Dr. Utku Culha, Dr. Ville Liimatainen, Dr. Abdon Pena-Francesch and Dr. Zoey Davidson are thrilled to join the Physical Intelligence Department at the Max Planck Institute for Intelligent Systems in Stuttgart thanks to the Humboldt Postdoctoral Research Fellowship. "We are really glad to be here", says Culha, who joins the Physical Intelligence Department at the Max Planck Institute for Intelligent Systems (MPI-IS) from ETH Zürich in Switzerland. Both he, Pena-Francesch and Liimatainen kicked off their research projects in February. Dr. Zoey Davidson joined the team in November 2017. All four will be funded by the fellowship for two years.
Each year, the Alexander von Humboldt Foundation grants approximately 500 Fellowships to Postdoctoral Researchers of all nationalities and disciplines from abroad. They must have above average qualifications, be at the beginning of their academic career and have only completed their doctorate in the past four years. A Humboldt Research Fellowship for postdoctoral researchers allows the awardee to carry out long-term research of six months to two years in Germany. Applicants choose their own topic of research and their academic host.
"I am very happy about this fellowship program, which helps us in attracting the international top talent to Germany", says Metin Sitti, the Director of the Physical Intelligence Department at the MPI-IS in Stuttgart and a Professor of Mechanical Engineering at Carnegie Mellon University (CMU) in Pittsburgh, USA. "These four post-docs are excellent researchers in their fields and will be a lot of fun to work with. They will contribute significantly to my group and our institute in every aspect."
Dr. Utku Culha has ambitions plans for the future. He is an expert in Automation Technology, Control Systems, Robotics and Mechatronics with a Master in Computer Engineering from Bilkent University in Turkey and a Ph.D. in Mechanical Engineering from ETH Zürich. "I want to work on designing magnetic micrometer-sized robots which have soft and deformable body properties", Culha says. "I want to exploit their deformable and magnetic nature to actively change their shape in order to generate different functions. For example: the robot should swim when it is deformed like a snake, or it should grasp an object when it deforms like a pincer."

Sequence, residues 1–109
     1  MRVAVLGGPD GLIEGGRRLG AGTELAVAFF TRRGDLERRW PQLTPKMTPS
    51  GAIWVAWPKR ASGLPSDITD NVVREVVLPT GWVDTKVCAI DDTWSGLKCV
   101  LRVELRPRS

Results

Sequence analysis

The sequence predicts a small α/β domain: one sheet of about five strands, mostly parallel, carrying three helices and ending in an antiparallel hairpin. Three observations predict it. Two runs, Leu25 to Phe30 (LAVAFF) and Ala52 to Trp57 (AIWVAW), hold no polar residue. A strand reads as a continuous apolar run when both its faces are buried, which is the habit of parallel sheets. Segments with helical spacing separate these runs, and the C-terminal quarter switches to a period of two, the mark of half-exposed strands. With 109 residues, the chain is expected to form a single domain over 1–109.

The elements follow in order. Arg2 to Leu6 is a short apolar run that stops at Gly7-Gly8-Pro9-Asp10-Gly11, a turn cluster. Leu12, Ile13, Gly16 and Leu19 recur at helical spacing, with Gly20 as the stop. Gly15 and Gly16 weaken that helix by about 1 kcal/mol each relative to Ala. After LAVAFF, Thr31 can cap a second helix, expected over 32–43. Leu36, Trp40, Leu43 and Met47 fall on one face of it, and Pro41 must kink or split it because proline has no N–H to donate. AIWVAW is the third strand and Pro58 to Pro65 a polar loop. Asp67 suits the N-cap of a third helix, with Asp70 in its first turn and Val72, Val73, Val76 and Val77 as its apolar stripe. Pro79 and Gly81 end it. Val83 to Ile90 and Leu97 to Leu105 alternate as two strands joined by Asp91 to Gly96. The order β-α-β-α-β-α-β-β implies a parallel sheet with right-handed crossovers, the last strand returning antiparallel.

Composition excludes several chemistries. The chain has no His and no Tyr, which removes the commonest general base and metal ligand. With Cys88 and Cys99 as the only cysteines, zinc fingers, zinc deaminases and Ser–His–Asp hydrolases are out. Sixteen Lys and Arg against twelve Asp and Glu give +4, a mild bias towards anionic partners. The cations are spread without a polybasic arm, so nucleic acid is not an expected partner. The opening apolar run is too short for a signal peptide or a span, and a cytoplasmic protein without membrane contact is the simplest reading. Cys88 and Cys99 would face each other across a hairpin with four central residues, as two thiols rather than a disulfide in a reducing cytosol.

Dr. Abdon Pena-Francesch is an expert in Biomaterials joining Metin Sitti´s team from the Department of Engineering, Science and Mechanics at Pennsylvania State University. "My research will focus on the development of synthetic and biological materials for small-scale robotics and soft robotics", Pena-Francesch says. "My work will include the design, manufacturing, and characterization of advanced functional materials for medical applications, such as the development of microrobots for minimally invasive medicine."
Dr. Ville Liimatainen did his Ph.D. in Microsystems at Aalto University in Espoo, Finnland. He will be researching on bio-inspired structural adhesives, which show great promise in attaching to various surfaces, including rough ones. "The goal is to enable reliable anchoring of endoscopic medical devices, particularly capsule robots, thus increasing the effectiveness and range of possible operations in capsule endoscopy", Liimatainen explains. Dr. Zoey Davidson is an expert in Experimental Condensed Matter Physics and joined the MPI-IS from the University of Pennsylvania in Philadelphia, where he did his Ph.D. in soft matter physics. "I am currently working on transferring the latest developments in soft matter physics to applications in soft robotics. In particular, I am developing micro actuators, artificial muscle, from liquid crystal elastomers to enable new capabilities in the field of microrobotics. Liquid crystal elastomers allow for controlled programmable elastic anisotropy at the micron scale, which will be used in new methods of micro manipulation and locomotion."
Find out more about the Humboldt Research Fellowship here: www.humboldt-foundation.de